“I kind of recognized that there was a need for kind of a different approach to how we'd been doing things in the past,” Jackson said. “As talented as we are as journalists, a lot of times the accessory things, like distribution and social media … we kind of forget about.” 

Jackson shaped the role to help the paper to reach a larger audience and to create a product that can last. Jackson also saw The Breeze shift to more of a digital-first mindset and better integrate Breeze TV and other coverage, such as Madison Business Review, into The Breeze’s site.

He said his proudest accomplishment as executive editor was hiring the incoming editorial staff because of their commitment to a shared vision for the organization — even with challenges presented by COVID-19.

Following graduation, Jackson will work for a software development and analysis company, GCOM Software.

 

connor-murphy250.jpgConnor Murphy, incoming managing editor 

Murphy, who took journalism classes in high school, joined The Breeze his first year at JMU as a news writer and, by the spring, was promoted to news editor, a position he held for the last two years.  

“Just seeing what works and what didn't work really compelled me to want to get myself into a big three position,” Murphy said. “It was also really important for me to welcome the new staff of writers and the new staff of editors the same way that I was welcomed when I was brought on board my freshman year.” 

Murphy, a rising senior and international business major, said, as managing editor, he hopes to build on The Breeze’s social media presence, which includes adding a social media coordinator to the staff.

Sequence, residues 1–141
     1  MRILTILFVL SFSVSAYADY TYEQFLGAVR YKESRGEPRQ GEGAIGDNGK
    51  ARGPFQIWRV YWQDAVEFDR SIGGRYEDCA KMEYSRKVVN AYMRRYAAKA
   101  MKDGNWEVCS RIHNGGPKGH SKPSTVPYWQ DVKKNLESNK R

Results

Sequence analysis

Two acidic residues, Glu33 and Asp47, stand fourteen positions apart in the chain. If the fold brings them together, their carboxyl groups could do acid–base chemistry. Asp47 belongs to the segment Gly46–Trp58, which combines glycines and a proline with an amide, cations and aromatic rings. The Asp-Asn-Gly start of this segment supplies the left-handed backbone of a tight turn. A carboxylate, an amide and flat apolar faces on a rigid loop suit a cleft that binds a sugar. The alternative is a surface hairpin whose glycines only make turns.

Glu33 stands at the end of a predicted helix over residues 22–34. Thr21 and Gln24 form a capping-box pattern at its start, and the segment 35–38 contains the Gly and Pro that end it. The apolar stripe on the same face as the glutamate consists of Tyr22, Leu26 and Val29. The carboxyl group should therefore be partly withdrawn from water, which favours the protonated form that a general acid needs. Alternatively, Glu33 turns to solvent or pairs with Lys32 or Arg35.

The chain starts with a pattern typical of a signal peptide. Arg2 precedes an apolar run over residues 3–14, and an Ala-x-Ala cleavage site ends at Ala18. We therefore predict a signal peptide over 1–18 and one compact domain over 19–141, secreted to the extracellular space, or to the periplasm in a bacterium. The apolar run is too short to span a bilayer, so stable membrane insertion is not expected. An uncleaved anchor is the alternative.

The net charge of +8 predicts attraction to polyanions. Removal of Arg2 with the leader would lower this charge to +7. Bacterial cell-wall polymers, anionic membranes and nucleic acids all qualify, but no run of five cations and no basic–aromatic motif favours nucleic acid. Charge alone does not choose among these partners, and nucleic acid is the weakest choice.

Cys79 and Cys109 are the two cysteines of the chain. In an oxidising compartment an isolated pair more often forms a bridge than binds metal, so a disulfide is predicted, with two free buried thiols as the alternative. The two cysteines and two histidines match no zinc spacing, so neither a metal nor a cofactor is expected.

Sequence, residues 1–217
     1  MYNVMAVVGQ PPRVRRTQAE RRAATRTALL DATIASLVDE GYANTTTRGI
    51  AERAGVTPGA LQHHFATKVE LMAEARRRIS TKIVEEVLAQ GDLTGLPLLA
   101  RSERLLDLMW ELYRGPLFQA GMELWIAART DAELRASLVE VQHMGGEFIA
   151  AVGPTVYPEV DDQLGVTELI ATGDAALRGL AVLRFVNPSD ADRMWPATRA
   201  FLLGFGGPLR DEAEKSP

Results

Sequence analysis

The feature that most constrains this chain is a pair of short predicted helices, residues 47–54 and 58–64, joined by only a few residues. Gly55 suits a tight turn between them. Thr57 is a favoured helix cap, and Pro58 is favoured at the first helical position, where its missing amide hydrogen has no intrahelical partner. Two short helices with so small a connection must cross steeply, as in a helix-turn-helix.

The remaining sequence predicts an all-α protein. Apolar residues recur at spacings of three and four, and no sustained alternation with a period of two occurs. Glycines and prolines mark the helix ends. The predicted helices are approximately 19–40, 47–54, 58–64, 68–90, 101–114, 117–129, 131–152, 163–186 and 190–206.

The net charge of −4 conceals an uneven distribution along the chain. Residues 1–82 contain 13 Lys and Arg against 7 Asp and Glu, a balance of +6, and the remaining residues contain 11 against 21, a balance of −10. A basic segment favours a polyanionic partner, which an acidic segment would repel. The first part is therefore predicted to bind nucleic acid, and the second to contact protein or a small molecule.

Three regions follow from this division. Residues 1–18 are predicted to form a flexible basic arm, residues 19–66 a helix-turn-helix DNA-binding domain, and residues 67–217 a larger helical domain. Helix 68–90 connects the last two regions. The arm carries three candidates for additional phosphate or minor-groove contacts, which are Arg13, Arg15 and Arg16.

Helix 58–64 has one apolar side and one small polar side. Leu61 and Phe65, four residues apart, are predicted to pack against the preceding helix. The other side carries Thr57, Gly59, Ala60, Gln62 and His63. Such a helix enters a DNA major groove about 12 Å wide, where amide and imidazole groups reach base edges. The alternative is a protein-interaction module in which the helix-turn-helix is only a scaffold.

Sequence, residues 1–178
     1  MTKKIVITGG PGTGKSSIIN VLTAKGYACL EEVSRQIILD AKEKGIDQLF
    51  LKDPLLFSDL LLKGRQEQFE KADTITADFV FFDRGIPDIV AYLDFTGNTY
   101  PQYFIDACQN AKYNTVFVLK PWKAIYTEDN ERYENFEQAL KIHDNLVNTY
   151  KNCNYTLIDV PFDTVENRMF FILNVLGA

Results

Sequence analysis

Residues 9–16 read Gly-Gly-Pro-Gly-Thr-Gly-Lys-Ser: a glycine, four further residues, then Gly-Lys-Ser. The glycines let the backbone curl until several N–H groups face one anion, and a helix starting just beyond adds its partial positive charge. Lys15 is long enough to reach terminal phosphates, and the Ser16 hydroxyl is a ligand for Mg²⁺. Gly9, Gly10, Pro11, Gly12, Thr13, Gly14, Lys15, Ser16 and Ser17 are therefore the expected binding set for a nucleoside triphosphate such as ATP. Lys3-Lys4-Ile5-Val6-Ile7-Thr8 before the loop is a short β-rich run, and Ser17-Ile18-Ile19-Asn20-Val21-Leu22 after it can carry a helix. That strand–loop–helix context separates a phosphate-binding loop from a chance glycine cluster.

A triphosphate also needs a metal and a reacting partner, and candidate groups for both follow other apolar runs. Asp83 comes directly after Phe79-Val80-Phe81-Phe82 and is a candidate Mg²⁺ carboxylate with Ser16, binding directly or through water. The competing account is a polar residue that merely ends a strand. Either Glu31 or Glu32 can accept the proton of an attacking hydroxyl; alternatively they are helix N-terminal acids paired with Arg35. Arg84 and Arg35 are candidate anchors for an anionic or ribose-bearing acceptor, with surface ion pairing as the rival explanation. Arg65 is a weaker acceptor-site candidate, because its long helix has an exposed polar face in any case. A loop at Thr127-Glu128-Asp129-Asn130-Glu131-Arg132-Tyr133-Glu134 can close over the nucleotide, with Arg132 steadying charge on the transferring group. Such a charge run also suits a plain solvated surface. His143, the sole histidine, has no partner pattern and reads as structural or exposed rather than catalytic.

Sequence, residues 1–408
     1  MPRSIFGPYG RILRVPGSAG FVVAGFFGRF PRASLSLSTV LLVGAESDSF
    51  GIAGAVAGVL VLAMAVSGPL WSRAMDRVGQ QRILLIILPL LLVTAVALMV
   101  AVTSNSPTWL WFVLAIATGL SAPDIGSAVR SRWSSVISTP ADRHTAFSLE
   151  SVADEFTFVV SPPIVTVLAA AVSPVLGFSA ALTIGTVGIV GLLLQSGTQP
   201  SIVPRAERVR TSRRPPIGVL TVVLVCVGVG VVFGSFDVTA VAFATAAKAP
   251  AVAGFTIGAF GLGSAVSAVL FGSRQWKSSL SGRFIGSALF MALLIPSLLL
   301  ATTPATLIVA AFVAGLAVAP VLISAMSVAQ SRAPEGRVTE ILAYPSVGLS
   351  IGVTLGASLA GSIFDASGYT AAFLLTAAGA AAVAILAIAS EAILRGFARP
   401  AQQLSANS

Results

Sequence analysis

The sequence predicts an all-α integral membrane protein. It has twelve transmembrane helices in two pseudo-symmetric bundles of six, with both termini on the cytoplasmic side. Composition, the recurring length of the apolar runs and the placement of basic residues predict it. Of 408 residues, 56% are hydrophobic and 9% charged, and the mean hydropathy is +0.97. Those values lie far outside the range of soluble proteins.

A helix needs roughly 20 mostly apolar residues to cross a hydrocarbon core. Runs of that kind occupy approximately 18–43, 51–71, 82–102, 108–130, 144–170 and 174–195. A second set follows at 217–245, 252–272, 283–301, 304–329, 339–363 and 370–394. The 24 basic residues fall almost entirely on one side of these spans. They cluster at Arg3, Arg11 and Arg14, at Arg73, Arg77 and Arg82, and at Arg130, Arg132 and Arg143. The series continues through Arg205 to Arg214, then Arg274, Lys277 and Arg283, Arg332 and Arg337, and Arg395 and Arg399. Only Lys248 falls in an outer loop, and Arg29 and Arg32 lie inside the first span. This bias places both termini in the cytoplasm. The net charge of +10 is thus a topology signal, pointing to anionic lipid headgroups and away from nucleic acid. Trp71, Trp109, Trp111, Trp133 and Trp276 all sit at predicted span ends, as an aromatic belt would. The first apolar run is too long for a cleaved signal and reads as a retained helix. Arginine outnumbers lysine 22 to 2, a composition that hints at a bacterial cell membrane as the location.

“[The position] makes us confident that we're going to have the time and capability to do a lot of rebranding, to change the content that we're putting out and be putting up more engaging content,” he said. 

Murphy said it’s important that the organization expands its outreach, especially to students from other majors, to put out quality content.  

“Making sure that we are getting our name out there as much as possible, whether that's just to other JMU students who might be interested in writing for The Breeze, or if it's students who might become habitual readers of The Breeze,” Murphy said. “[That] improves the overall quality of the paper because we can expand our reach a little bit more.”

 

alexa-fitzpatrick250.jpgAlexa Fitzpatrick, outgoing managing editor 

As a freshman, Alexa Fitzpatrick joined The Breeze’s video team with no camera experience.  

“I fell in love with The Breeze,” Fitzpatrick said.  

Her sophomore year she became video editor and then moved up to be managing editor. 

“I've had so many opportunities to cover really, really interesting stories and to get so much real-world experience that I wouldn't have gotten in class,” Fitzpatrick said. “I really value that.”  

Fitzpatrick, a SMAD major in the Digital Video and Cinema concentration, said her proudest accomplishment from her time as managing editor was the “smooth” integration of The Breeze and Breeze TV. Before this year, Fitzpatrick said the two were seen, and operated, as separate entities.

Fitzpatrick often shuttled between The Breeze’s office on South Main Street and Breeze TV’s production studio in Harrison Hall. She linked print writers and reporters to work on stories together. She also helped with Breeze TV’s production on Fridays. 

“The organization as a whole just feels a lot more so like a community,” Fitzpatrick said, “which I really like.”

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Published: Thursday, April 1, 2021

Last Updated: Thursday, April 1, 2021